Apart from Dogara, many of those who defected recently are those who felt short-changed with the outcome of the nomination exercise in the party.
The outcome of the APC primaries for the 2019 general election had generated so much controversy, with many of the APC members who lost out in their quest to return to the House in 2019 on the platform of the ruling party, threatening to leave, if they are not given ticket.
According to a member of the House from Kaduna State, Musa Soba, no fewer than 70 members of the APC in the House lost out in their bid to contest the 2019 general election on the platform of the ruling party.
Although, when the 37 House of Representatives members, as well as 14 senators, defected from the ruling party in July, the National Chairman, Comrade Adams Oshiomhole said the party is not bothered about their exit, both the presidency and the APC leadership know the implication of many more of its members leaving the party.
Consequently, they have been engaging the aggrieved lawmakers, so as to forestall their exit from the ruling party.
The APC National Publicity Secretary, Mallam Lanre Issa-Onilu told a national daily recently that the party has been reaching out to the aggrieved lawmakers. He said “Immediately after the primaries we started reaching out to our aggrieved members. Everywhere we have such issues; the party is rising up to it. We do understand that conflicts are a necessary part of politics and it is the ability to reconcile people, ensure that people who disagree are brought to a roundtable and given an opportunity to first and foremost lay bare whatever the grudges are.
“And that you can get people to listen to you, is the first comfort you can get from your party. The APC has a structure to listen to anybody who has an issue and everyone will be given an opportunity. As party members, the greater good is our ultimate goal,” Issa-Onilu stated.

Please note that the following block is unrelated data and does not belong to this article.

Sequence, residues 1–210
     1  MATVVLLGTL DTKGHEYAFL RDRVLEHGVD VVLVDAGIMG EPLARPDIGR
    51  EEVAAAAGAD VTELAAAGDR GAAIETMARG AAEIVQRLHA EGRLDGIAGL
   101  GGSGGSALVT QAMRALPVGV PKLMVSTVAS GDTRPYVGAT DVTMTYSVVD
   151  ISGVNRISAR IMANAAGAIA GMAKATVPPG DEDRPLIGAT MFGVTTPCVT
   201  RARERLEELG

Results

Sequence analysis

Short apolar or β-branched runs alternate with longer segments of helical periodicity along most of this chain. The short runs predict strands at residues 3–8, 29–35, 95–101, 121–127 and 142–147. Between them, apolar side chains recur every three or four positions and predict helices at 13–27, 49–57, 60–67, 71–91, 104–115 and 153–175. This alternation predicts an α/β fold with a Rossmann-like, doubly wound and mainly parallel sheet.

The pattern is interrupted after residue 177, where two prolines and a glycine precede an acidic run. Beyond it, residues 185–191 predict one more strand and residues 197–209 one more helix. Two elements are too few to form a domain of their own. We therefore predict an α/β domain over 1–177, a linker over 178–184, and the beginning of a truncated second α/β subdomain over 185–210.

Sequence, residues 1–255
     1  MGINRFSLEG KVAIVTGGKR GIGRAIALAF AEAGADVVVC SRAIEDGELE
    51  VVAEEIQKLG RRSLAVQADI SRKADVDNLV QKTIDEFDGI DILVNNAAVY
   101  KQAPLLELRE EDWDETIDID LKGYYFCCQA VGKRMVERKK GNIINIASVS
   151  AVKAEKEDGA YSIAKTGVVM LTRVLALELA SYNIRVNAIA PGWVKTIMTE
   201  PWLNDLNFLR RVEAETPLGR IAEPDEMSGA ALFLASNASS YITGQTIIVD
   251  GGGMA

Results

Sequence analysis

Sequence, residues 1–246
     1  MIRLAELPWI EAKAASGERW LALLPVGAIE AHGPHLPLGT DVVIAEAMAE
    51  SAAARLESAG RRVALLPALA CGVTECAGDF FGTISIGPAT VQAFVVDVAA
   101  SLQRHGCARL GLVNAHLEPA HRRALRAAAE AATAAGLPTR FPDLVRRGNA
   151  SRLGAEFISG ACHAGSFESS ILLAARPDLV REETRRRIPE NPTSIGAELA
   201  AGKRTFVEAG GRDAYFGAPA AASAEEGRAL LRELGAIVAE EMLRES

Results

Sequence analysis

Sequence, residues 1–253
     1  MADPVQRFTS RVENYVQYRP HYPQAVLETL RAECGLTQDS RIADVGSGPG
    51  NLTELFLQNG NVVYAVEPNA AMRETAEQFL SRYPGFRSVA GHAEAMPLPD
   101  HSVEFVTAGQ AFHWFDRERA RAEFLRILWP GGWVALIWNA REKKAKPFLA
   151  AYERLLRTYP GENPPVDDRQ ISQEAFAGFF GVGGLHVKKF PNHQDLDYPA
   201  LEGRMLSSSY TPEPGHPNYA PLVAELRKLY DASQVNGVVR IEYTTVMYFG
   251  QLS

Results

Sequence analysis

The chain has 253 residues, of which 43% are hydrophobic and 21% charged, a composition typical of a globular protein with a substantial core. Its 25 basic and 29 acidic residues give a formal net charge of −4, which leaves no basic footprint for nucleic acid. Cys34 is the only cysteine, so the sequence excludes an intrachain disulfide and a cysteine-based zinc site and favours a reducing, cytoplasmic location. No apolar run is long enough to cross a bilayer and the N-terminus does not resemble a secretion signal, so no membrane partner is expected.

Soba, who represents Soba Federal Constituency of Kaduna State told State House correspondents after a recent meeting between President Muhammadu Buhari and APC lawmakers who are aggrieved over their lose at the primary, that the party nomination was characterised by impunity.
He said the aggrieved lawmakers appealed to the President to use his good offices to address the situation before it was too late.
Ironically, the lawmaker announced his defection from the ruling party penultimate Wednesday. In a lengthy letter to the Speaker announcing his defection from the APC, the lawmaker accused the party of engaging in double standard in the conduct of its affairs.
“Mr Speaker, I have been personally short-changed by a system I so much trusted and believed in. I have also been serially deceived and defrauded by a political party I helped to nurture and sustain. However, it is the sharp division within the APC members and the mutual antagonism between the membership and the leadership of the APC more than any other factor that propelled me to take my exit,” he stated in his letter, which was read at the plenary.